8 November 2021

The electoral rise and subsequent fall of the radical left across the world in the past decade remains a topic of significant academic interest. The fluidity of radical victories, the success of some but not other radical left parties, the contemporary challenges of governing in capitalism from the left, merit scientific exploration and explanation. Key to understand these developments is to understand who supports or have supported these parties. Existing works on the matter remain rather outdated, scarce, or focused on a particular aspect, such as the voters’ background, attitudes on specific policies, or their values. In the meantime, the existing votership has been joined by new comrades, aiding the electoral rise of radical left parties across the world, and has been left out by disillusioned and disenchanted supporters signalling their electoral decline. Moreover, contemporary investigations indicate two conflicting trends among the radical left votership: while some claim that these voters are among the most socially progressive in their respective societies, other reports suggest that radical left voters may be economically left-wing, but rather socially conservative. In addition, the working-class vote is fragmented but there is so far no clear picture of what drives this fragmentation, and there is also disagreement, arising from scientific perspective, as to whether the core bulk of radical left voters are derived from the middle or working classes. All these aspects reveal a lack of a general understanding of who these voters are and how demand-side and supply-side factors interact to produce the radical left ‘electoral market’ and shape any fluctuations therein. This workshop aims to respond to this gap by inviting papers looking at, among others, the profile of radical left voters (their background, their attitudes, their views), how has it changed since the electoral rise of these parties in the past decade and are what the current trends; who are the core voters (identifiers) of the radical left and what is the potential for radical left expansion, if any; how are radical left voters different from social democratic, Green, and potentially from protest and radical right voters; how does abstention affect the radical left in relation to other party families?

In parallel, the workshop will investigate elections and government experiences, either in isolation or in conjunction with studies of voter demand for radical left policies. The past decade saw the radical left across the world take an increasing government responsibility both at national and sub-national levels. For example, in Greece Syriza formed the first coalition government in Europe after a long period, where a radical left party was the main coalition partner. In the Czech Republic the communist party escaped its decade-old pariah status by providing parliamentary support for a minority government. Similar breakthroughs occurred at the sub-national level too: for example, Die Linke was not only the main party in the coalition government in Thuringia, but also was involved in the government of Bremen in West Germany; the Austrian communist party has sustained a strong electoral following while in government in Graz. Despite these developments, there is little systematic knowledge of the recent experiences of radical left participation in government that build upon the fundamental work by Olsen, Koss, and Hough (2010) from about a decade ago. This panel aims to provide such a systematisation by inviting comparative and single-case papers on radical left participation in government across the world, especially in relation to the dynamics of electoral success or defeat. We would like to look into what these experiences were, what their effects on the radical left and wider society have been, and what the main lessons learned from them are. These considerations include questions of organisational adaptation or change before, during and after government participation. The workshop aims to include papers not only on the well-studied area of radical left participation in national governments but is also interested in the experiences of radical left parties in regional and local government, too. The area focus is not limited to any particular geographical region but seeks to highlight developments in Europe and Latin America especially, where parties of the broad socialist tradition and its derivatives have recently occupied executive office.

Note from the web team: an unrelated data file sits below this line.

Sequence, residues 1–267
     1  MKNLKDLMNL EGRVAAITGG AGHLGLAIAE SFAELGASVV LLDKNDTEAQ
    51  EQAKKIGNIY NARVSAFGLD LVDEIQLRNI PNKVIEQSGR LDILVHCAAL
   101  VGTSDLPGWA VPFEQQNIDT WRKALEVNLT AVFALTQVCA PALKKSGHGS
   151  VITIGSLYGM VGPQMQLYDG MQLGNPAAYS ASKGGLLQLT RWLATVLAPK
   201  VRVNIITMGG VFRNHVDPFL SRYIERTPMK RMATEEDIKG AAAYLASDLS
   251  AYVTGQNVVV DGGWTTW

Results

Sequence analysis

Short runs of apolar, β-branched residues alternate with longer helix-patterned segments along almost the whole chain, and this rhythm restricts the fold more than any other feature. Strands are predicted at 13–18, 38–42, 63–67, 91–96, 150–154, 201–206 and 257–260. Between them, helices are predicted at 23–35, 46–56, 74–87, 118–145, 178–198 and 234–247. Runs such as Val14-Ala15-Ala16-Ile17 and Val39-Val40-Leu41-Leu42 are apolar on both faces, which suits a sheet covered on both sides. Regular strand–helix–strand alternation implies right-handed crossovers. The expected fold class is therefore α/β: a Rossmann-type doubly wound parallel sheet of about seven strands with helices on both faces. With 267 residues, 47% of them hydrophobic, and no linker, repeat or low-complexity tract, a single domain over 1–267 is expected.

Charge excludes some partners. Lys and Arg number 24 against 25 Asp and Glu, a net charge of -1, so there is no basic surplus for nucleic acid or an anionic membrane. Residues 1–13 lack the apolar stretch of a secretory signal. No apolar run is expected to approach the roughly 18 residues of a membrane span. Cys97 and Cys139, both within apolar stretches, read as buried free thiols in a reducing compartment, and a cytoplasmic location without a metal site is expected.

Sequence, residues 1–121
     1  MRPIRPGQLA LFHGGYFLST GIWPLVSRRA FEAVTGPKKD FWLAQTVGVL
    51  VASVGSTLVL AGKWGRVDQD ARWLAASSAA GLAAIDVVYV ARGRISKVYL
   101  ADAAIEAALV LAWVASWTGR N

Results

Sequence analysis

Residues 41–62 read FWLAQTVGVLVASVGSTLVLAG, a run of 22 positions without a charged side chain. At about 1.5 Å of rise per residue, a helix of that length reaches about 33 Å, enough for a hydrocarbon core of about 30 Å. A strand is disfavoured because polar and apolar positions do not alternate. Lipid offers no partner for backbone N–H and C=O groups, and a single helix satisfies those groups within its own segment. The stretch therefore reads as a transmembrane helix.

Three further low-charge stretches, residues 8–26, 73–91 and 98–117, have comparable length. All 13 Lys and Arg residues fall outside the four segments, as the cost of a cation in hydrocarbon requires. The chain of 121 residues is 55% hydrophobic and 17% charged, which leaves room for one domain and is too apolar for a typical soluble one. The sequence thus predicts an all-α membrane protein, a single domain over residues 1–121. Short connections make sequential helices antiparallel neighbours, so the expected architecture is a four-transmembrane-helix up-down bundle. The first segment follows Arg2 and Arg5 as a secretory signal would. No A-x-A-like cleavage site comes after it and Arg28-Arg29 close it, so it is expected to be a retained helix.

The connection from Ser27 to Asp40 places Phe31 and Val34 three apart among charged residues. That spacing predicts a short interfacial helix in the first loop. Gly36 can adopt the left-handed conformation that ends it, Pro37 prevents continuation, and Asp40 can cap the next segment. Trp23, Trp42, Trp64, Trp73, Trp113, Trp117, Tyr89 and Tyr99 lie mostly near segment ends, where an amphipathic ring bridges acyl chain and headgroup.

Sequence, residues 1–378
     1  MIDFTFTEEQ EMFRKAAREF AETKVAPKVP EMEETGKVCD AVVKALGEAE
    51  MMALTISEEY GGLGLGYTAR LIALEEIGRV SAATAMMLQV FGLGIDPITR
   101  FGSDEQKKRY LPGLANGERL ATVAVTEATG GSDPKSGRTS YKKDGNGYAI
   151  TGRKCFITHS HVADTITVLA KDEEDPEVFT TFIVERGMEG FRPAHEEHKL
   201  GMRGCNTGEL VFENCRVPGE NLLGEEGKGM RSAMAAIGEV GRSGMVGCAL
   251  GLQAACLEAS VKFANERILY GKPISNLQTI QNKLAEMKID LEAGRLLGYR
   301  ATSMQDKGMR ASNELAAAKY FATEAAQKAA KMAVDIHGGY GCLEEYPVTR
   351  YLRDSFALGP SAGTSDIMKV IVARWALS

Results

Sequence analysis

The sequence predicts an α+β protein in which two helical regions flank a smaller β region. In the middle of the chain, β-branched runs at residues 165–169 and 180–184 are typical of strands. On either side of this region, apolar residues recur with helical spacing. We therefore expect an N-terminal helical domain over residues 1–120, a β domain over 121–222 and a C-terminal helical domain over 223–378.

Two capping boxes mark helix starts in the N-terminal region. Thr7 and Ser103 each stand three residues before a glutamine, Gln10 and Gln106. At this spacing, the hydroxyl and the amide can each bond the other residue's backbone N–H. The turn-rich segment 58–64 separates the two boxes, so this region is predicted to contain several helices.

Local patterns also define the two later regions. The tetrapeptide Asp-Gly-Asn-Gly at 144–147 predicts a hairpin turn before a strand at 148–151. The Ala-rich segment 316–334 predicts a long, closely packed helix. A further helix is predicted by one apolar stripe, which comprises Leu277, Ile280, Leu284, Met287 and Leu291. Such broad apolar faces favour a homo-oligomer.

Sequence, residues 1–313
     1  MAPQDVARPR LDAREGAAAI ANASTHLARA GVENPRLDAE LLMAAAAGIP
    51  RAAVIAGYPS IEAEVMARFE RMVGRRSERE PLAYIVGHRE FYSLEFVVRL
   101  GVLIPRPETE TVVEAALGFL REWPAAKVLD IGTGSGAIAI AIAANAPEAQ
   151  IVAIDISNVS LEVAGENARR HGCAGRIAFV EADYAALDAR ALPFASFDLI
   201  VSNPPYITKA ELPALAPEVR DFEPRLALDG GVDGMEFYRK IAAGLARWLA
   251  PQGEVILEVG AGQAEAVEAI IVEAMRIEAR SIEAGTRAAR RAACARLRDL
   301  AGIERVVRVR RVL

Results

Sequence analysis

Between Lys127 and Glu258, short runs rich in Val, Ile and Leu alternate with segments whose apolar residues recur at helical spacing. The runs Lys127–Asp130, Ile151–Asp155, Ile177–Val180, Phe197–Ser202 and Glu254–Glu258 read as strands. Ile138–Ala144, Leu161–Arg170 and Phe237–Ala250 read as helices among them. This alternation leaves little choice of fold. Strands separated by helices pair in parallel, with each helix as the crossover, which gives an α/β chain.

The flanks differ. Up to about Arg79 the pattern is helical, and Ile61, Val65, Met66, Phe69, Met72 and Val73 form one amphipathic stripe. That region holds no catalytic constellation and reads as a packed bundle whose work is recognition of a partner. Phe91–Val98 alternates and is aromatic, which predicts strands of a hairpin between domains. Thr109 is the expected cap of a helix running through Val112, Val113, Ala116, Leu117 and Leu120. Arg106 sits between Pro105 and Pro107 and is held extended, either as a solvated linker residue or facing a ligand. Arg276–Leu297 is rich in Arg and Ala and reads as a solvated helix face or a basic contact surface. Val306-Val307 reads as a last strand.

The workshop will be organised for one day online and will provide the space for an academic debate in which several scholars can present the most recent findings of their research. The workshop seeks to attract a mix of established scholars, early-career researchers and PhD students. To increase the exchange of ideas, each presenter will serve as a discussant for another paper. Each presenter will be allocated 45 minutes: 20 minutes to present the paper, 10 minutes for the discussant and 15 minutes for general discussion.


Provisional date and time:

10am-4pm, Friday, 14 January 2022, online


There is no participation fee. Authors should send a 200 word abstract with a title of their proposed paper, their name and affiliation. The address is Petar.Bankov@glasgow.ac.uk or charalambous.gi@unic.ac.cy and the deadline is 5 December 2021 (midnight). The organisers will inform the participants about the outcome of the selection process by 12 December.


Petar Bankov (University of Glasgow)

Giorgos Charalambous (University of Nicosia)

Daniel Keith (University of York)


On behalf of,

Left Radicalism (sg),

Political Studies Association